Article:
My campus has substantially more enrichment opportunities in the form of AP classes, dual credit courses, and fully fleshed-out music and arts programs, and they have had access to this kind of thing throughout their lives. Many students do not get to experience this because of their zip code. Most of the top-10 of our graduating class were admitted to Ivy League schools last year. Sure, my students would be better prepared for a Classics degree than other students might be, but this is only because they are better-prepared for everything at a university, and some of them go to college with a solid year’s worth of credit awarded to them. The solution to this problem should not involve abandoning academic rigour at the university level; rather, we should aim to provide a more substantial education with a full suite of enrichment opportunities to all children equally.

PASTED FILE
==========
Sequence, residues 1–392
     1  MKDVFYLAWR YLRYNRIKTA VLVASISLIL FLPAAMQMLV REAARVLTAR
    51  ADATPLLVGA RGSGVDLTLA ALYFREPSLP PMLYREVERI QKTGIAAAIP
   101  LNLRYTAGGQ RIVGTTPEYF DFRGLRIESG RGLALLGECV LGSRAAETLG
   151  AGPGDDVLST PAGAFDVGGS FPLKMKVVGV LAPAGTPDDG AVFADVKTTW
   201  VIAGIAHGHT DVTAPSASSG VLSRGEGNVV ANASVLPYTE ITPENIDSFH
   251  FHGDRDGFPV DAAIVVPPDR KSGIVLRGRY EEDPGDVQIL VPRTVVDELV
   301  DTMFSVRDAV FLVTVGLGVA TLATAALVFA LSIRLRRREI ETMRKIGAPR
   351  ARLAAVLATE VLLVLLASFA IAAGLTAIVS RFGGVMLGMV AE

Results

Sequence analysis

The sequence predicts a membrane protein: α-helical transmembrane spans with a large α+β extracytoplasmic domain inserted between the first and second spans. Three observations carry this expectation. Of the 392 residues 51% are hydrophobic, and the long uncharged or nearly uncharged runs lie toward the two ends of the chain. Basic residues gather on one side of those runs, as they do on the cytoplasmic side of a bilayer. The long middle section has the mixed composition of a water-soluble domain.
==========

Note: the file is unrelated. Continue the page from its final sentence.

Students with wealthy parents may be more likely to pursue Classics because they do not feel the dire constraint of making substantial salaries immediately out of school. Yet, by this standard, almost all of the humanities and any other subject without immediate remunerative possibilities would need to be ranked as ‘classist’. There is nothing inherently classist about the study of antiquity or the discipline surrounding it, but the pernicious class structure in our society has created a field largely occupied by people with privileged backgrounds. Yet, this is also true of almost every other professional or white-collar professional field, whether academic or not.